Bankstown City Silver Jubilee - 27 May 2005

P J Keating
Bankstown Town Hall
27 May 2005

Paul Keating was invited to give the keynote address to commemorate
the Silver Jubilee of the City of Bankstown. He accepted the invitation as the former Federal Member of Parliament for the area for 27 years and as a resident of Bankstown for 39 years. In the address he canvasses the cultural changes in Western Sydney while commenting on wider development issues within the Sydney Basin.


I am exceptionally pleased to be back in Bankstown on this, the twenty-fifth anniversary of its becoming a city. I remember that occasion 25 years ago, when many of us interested in the civic affairs of Bankstown regarded its new city status as some kind of compliment invested in all of us who lived here. 

And if you had lived here a long time, as I had, and many before me, you understood what a compliment it was.

When I grew up in Bankstown in the 1950s, every amenity was basic. With the singular exception of the Bankstown Olympic Swimming Pool, which a later council filled in, most of the roads were without kerb and gutter and the homes without sewer.

The municipal sanitary cart was the brunt of hundreds of jokes which one could reel off like leaves from a ream of paper. And the sports ovals, save for one or two, were open patches of clay which increased one’s incentive not to fall over or be tackled.

But for all that, Bankstown had something about it which marked it out from the urban sprawl. It was as if it had a ring around it and within this ring was a group of people with a very enhanced sense of community and an equally shared sense of obligation. A camaraderie or esprit de corps of a kind that all too few communities are blessed with.

And while there were many remarkable people, the most interesting thing about Bankstown was the importance and value of the many who went unremarked upon. The mums and dads, the teachers, the helpers, the communitarians, the volunteer ambulance, the volunteer first-aid, the youth sports administrators, the coaches. The list goes on.

Of course, we’ve had more than our share of those who’ve hit the high spots. Not just in Bankstown terms, but in national terms. Some in international terms.

The Waugh twins, as I said in an earlier speech, at cricket, simply the best in the world. Another set of twins, the Konrads, who came here from Latvia, and broke every Olympic record they contested. And latterly, Ian Thorpe, who carries on this high tradition. To them we can add Kevin Berry and Sandra Morgan and great coaches like Don Talbot and Forbes Carlisle and Frank Jordan.

Or great administrators like Nobby Clark who built the modern National Australia Bank. Or Ken Cowley who built News Limited over a couple of decades. And Bert Evans who fashioned the Metal Trades Industry Association into one of the most progressive organisations in the country.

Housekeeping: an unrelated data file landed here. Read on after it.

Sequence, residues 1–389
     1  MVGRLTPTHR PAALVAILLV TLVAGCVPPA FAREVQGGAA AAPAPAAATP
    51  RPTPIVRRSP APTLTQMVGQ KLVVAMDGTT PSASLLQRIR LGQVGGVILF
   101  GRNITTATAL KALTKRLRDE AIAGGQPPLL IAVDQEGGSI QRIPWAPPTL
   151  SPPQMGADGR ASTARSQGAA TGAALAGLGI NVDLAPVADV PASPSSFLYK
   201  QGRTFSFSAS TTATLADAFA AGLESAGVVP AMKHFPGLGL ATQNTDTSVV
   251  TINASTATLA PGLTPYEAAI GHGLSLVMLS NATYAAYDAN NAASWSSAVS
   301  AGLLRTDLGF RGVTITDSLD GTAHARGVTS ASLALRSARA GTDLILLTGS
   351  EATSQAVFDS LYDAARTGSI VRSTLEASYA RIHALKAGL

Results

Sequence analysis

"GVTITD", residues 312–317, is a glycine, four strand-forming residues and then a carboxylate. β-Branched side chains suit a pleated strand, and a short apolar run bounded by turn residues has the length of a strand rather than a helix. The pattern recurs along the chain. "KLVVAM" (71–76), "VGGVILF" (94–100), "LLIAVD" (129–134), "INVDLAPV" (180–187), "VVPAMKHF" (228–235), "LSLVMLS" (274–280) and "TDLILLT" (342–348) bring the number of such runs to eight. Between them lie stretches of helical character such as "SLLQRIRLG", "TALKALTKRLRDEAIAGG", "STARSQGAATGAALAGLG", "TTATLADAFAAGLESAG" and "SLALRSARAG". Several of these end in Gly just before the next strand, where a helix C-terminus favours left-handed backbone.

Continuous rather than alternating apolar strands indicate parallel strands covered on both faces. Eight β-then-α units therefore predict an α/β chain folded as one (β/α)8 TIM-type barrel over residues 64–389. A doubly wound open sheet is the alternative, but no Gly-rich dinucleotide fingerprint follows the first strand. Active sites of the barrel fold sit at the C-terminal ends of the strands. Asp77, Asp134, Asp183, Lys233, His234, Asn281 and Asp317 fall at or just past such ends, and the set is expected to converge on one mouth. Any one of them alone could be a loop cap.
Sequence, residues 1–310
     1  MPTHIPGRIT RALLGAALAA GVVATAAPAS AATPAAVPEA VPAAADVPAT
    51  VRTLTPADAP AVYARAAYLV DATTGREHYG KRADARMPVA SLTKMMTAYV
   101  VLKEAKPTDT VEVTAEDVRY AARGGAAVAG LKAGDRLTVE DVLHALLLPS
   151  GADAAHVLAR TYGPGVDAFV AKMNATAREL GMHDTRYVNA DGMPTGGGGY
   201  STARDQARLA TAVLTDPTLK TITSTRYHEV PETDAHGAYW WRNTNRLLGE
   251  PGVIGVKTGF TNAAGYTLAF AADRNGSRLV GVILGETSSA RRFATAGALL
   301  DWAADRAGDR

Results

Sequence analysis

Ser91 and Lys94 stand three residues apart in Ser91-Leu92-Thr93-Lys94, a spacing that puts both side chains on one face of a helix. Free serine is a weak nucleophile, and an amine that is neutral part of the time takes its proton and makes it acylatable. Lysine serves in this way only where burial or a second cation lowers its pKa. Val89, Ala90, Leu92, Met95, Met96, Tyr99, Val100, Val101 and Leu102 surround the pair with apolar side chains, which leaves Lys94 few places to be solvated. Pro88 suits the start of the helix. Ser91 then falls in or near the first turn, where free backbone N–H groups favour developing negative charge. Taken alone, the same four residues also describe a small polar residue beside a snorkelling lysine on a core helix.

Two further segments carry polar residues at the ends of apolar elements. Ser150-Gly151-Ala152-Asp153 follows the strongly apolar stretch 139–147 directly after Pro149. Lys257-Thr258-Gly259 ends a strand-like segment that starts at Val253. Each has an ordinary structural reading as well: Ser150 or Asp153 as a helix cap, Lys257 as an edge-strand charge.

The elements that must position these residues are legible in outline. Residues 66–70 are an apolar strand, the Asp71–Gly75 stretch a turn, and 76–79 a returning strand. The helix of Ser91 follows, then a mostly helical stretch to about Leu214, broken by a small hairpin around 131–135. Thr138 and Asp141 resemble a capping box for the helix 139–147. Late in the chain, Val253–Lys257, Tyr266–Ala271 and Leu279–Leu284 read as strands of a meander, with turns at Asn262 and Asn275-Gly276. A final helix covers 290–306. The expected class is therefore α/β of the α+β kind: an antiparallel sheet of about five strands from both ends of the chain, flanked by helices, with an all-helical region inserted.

Not to mention the long-serving mayors like Ron Lockwood and Doug Carruthers, along with more contemporary successors.

Bankstown had a Premier too, in Jim McGirr and, of course, a Prime Minister in me.

I lived in Bankstown until I went to Canberra as Treasurer of the Commonwealth at the age of 39. When I was living in The Lodge, John Howard, as Opposition Leader, was cheeky enough to say I needed a Gregory’s to find my way home. A bit of poor man’s hyperbole which was struck down by a journalist who made the observation, ‘You can take the boy out of Bankstown, but you can’t take Bankstown out of the boy’, which was, of course, true.

Unlike John Howard, I came from a community who had nothing to sell but its labour and its people’s time. As far as I was concerned, the shysters and the spivs could be represented by somebody else, but not by me. I always regarded my role in public life as being tested by what measure I advanced the common cause of ordinary people’s lives. The people who lived here. Whether it was access and equity in health or access and equity in education or the right to a living wage and employment opportunities or superannuation, these were the coordinates that governed my political imperatives.

To whatever extent Australia flowered in the blush of its multiculturalism under the postwar migration program, in Bankstown it was a harvest. As a member of the Anglo-Irish community who settled Bankstown in the first half of the twentieth century I grew up with kids who were born in Holland, Italy, Malta, Germany, the Baltic States, as well as the newcomers from the British Isles. By the time I entered the House of Representatives, you could add Vietnam and Lebanon and some other places to that august roll-call.